The distinction between denial and negation in the preceding chapter allowed for a figuration of the subject as the doppelgänger. At the same time, this figuration entailed that the doppelgänger is operative not only in the literary work but also in the criticism addressing that work. The doppelgänger becomes the medium to interpret the work. However, two issues remain. The first raises the questions: To whom is the dissolution of the autonomous individual and the appearance of the doppelgänger to be attributed? Is it solely to the characters of a narrative or is it also to its signatory, the author?...

  9. CHAPTER FOUR The Politics of the Doppelgänger: Universal History and Cosmopolitanism
    (pp. 135-191)

    The doppelgänger, as discussed so far, is the figure that configures both time and place. The doppelgänger undoesmerepresence; it resists a reduction to a determinate locus as well as to a determinate temporal arrangement. Theeffectivepresence of the figure of the doppelgänger creates the condition of the possibility of topicality as well as temporality. Whereas the configurations of time and space have been demonstrated separately, an extrapolation of both in conjunction is still lacking. Such an undertaking will involve asking about the time of the past. What is the past of an effective presence? And, also, how...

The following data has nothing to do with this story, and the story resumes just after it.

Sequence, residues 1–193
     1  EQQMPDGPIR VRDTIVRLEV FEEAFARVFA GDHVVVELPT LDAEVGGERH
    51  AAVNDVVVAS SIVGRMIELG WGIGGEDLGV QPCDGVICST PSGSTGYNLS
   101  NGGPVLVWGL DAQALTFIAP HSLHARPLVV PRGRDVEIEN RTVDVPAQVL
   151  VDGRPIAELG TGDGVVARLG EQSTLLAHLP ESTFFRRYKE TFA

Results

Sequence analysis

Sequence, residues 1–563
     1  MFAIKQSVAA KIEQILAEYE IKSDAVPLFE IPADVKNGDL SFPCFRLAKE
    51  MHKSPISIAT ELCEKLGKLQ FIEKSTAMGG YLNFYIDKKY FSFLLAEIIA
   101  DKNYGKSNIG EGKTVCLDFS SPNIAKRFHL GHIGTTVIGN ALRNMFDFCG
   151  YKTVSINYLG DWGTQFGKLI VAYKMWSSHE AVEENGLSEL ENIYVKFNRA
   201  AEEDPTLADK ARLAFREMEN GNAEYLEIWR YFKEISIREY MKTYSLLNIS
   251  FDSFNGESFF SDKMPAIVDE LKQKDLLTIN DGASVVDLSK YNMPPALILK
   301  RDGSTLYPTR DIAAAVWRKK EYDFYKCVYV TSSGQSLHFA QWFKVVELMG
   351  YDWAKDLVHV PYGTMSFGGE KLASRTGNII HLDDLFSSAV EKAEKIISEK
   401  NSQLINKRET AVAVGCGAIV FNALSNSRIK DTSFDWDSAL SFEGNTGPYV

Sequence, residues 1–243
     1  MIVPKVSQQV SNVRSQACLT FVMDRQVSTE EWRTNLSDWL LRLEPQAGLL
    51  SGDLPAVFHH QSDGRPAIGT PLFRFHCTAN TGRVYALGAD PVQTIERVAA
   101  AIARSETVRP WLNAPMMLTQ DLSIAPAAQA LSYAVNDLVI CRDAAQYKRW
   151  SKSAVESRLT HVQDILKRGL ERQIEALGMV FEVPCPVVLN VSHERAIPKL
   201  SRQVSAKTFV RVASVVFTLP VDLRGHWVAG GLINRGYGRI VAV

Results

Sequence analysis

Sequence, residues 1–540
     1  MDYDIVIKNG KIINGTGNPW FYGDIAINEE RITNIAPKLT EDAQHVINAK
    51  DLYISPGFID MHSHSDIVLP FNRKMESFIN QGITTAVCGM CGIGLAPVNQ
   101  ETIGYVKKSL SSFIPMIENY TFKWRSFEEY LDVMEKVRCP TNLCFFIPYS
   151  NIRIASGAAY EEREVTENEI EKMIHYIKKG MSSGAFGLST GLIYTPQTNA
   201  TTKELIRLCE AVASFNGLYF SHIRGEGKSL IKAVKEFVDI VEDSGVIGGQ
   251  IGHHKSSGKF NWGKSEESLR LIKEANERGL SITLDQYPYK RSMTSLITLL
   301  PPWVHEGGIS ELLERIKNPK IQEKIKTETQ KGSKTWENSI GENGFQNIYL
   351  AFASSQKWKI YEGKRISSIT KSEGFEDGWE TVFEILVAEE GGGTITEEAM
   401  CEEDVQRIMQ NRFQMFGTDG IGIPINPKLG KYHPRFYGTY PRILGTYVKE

10. CHAPTER FIVE Self-Inscriptions: Failing Kafka and Benjamin
    (pp. 192-248)

    The doppelgänger is operative in a notion of theatricality that undoes simple presence. The staging suggested by theatricality—the place of the actors and the audience—complicates the distinction between what is on the stage and what is outside the stage. But this does not entail the outright rejection of the inside-outside distinction. Rather, it will be argued that the staging becomes a fruitful concept when it allows a self-inscription so that the life and work of the actors are neither permanently ruptured nor eternally reconciled. Walter Benjamin’s essay on Kafka is crucial to this undertaking for two reasons: First,...

  11. NOTES
    (pp. 249-306)
  12. BIBLIOGRAPHY
    (pp. 307-324)
  13. INDEX
    (pp. 325-330)